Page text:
Feb. 14, 2022•
5 min read
I had just taken my kids to see a movie at Mayfair Mall. Sonic 2 if you must know. We had left the theater and were making our way to Barnes and Noble when I saw an exhibit at the end of the hall. It was for Negro League Baseball. Maybe you’ve seen it too. And sitting at the table in front of a stack of books and signed balls, surrounded by jerseys and memorabilia was Dennis Biddle. I walked up, curious. He smiled and introduced himself as the youngest living player from the Negro Leagues. He’s 87. He looks great and is sharp as a tack. I was blown away. How is a player from the Negro League at a card table at Mayfair Mall? I shook his hand and made a donation for his book, Secrets of the Negro Baseball League.
I went home and devoured it. It was a terrific read, and nothing like I thought it would be. Yes, he talks about how he made his debut in 1953 when he was 17 years old pitching for the Chicago American Giants. He wrote about the hardships and the bus rides and how the Negro Leagues would make money on the side by playing against the white players until they kept beating them so badly it started to look bad for baseball. It talked about how when Jackie Robinson was picked up by the Brooklyn Dodgers a lot of people assumed the Negro Leagues ended, but instead the majors used the Negro Leagues as a minor league system, without the pay or the credibility, until it just kind of withered away with no official end.
But that was just the first quarter, if that. So much of the book is about Biddle’s fight for legitimacy to get his fellow players from the Negro Leagues—the players that Major League Baseball (MLB) and documentaries and baseball fans love to fawn over—organized so they could receive official recognition and finally get some of the money that everyone had been making off of them, for themselves.
Biddle has been helping people all his life. He was born in a small segregated town in Arkansas. He likes to say, “I come from a town of 9,999. When I was born I made it 10,000.” He went to an all-Black school. His mom was a missionary, his dad was a deacon. Five brothers, one sister. At a young age he remembers helping people at the church with paperwork. “My mom and dad instilled in us Love. Not only for one another but for everybody.”
He was a naturally talented player and was picked up by the Chicago Giants. It’s a great story, but you’ll have to buy the book for that one. At the end of the 1954 season he got a letter saying the Chicago Cubs had bought his contract and he had the opportunity to try out as a non-roster player. In the spring of 1955 he flew to Arizona for training camp and on the first day of practice he broke his leg on a slide into third. After six months of rehab he felt like he was better than ever. But the Cubs passed.
So he went back to what he knew best. Helping people. He went to college at the University of Wisconsin and became a social worker for the state. He become a job developer, working with companies that did on-the-job training and helped hundreds and hundreds of people get hired.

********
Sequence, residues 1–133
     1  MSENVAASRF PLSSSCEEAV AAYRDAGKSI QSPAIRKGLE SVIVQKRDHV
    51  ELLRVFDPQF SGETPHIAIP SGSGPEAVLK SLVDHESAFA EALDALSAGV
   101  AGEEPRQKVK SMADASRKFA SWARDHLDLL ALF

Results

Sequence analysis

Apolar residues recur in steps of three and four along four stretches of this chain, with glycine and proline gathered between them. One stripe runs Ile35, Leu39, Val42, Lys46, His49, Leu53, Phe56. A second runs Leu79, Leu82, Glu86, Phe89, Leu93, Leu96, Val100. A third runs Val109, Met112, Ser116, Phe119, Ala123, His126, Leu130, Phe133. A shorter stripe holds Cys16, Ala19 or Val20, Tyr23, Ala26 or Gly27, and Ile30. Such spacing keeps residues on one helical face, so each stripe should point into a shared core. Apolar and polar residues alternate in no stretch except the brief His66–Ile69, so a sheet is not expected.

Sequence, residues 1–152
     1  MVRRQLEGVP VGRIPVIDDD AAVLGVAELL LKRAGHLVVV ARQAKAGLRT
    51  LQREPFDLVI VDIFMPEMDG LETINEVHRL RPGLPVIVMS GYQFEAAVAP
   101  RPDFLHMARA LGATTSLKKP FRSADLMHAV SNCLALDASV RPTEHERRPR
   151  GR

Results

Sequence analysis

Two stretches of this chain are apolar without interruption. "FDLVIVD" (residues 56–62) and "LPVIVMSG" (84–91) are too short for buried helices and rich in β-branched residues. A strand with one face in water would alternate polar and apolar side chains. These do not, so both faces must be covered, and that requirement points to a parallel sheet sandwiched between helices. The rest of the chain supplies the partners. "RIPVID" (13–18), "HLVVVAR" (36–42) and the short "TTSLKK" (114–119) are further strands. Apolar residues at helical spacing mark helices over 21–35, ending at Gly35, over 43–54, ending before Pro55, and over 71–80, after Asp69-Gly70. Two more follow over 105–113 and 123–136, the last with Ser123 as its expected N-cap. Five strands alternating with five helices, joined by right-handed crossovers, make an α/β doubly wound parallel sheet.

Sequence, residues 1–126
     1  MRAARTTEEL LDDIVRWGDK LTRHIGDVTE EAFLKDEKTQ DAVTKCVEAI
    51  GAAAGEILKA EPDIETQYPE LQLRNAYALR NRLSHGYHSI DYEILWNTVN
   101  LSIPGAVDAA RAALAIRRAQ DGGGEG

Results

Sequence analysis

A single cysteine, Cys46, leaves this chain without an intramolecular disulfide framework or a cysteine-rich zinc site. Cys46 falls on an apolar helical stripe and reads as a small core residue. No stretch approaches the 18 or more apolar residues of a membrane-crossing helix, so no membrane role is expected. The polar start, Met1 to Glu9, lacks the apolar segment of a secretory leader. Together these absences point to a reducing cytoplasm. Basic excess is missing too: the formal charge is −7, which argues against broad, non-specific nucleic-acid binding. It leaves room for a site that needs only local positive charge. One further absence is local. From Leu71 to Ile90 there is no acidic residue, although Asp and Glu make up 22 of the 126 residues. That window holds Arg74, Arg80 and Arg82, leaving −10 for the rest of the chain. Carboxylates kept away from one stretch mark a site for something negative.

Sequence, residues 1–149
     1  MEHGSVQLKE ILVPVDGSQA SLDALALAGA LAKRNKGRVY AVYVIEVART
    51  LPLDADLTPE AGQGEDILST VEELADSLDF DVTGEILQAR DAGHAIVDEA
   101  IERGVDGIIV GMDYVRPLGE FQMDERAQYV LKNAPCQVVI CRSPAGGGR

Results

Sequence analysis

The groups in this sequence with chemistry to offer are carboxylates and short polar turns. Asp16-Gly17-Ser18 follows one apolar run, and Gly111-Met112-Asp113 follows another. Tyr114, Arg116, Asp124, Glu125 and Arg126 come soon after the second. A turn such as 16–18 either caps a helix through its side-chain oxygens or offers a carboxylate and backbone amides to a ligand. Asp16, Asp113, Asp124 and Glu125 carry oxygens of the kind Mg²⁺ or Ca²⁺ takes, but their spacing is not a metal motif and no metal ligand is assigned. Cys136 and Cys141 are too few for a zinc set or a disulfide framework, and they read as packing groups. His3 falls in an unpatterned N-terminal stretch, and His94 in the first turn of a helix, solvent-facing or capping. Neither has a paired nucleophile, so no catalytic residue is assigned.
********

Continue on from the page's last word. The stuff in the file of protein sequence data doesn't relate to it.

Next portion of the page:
Years later he worked for the Ethan Allen School for Boys, a reform school in Delafield. They placed the kids that didn’t want to go to school, that mom and dad couldn’t handle, with him. He was like a father to them. They finally had someone they could talk to and trust. A skill that would soon serve him well when working with his fellow players who were burned badly by those using them to make a buck.
Patrice, Biddle’s wife, said men still recognize him at Mayfair and come running up saying, “This man saved my life, this man turned my life around!” She showed me a picture of a man who insisted on giving Biddle a big hug and a kiss and took a photo together.
After a stress-induced heart scare, he retired. But he didn’t rest. Immediately, he met the man who he would share maybe the most important chapter of his life with, another former Negro League player, Sherwood Brewer.
In 1995 the Negro Leagues celebrated their 75-year reunion at the Negro Leagues Baseball Museum in Kansas City. They did interviews, signed autographs, and caught up. On the last day Buck O’Neil—a former Negro Leagues player and manager of the Kansas City Monarchs—spoke to the remaining players. The former players had questions about MLB possibly covering their health insurance, giving out pensions, and who was eligible. Also, they wanted to know who was receiving all the money from the museum. Because it seemed like only O’Neil and a few select players he handpicked were profiting. Everyone else was left out.
I told Biddle, O’Neil kinda comes off as the bad guy in his book. He set me straight. “Buck’s not a bad guy. Guys didn’t make much money back then. And Buck was in a position to make some money. He got the money that he would never would have had, and the credibility that he never would have gotten.”
Biddle definitely had compassion for O’Neil, but that still wasn’t how he did things. According to Biddle, “If you played at all, you should get something.” And as he was leaving the hotel he said to his wife, “I need to do something.” Sherwood Brewer overheard him and asked, “What did you just say?” Biddle gave him his name and number and the next thing he knew, he was picking him up from the bus station in Milwaukee. Their goal was to help every person who played in the Negro Leagues for any amount of time the compensation and recognition they deserved.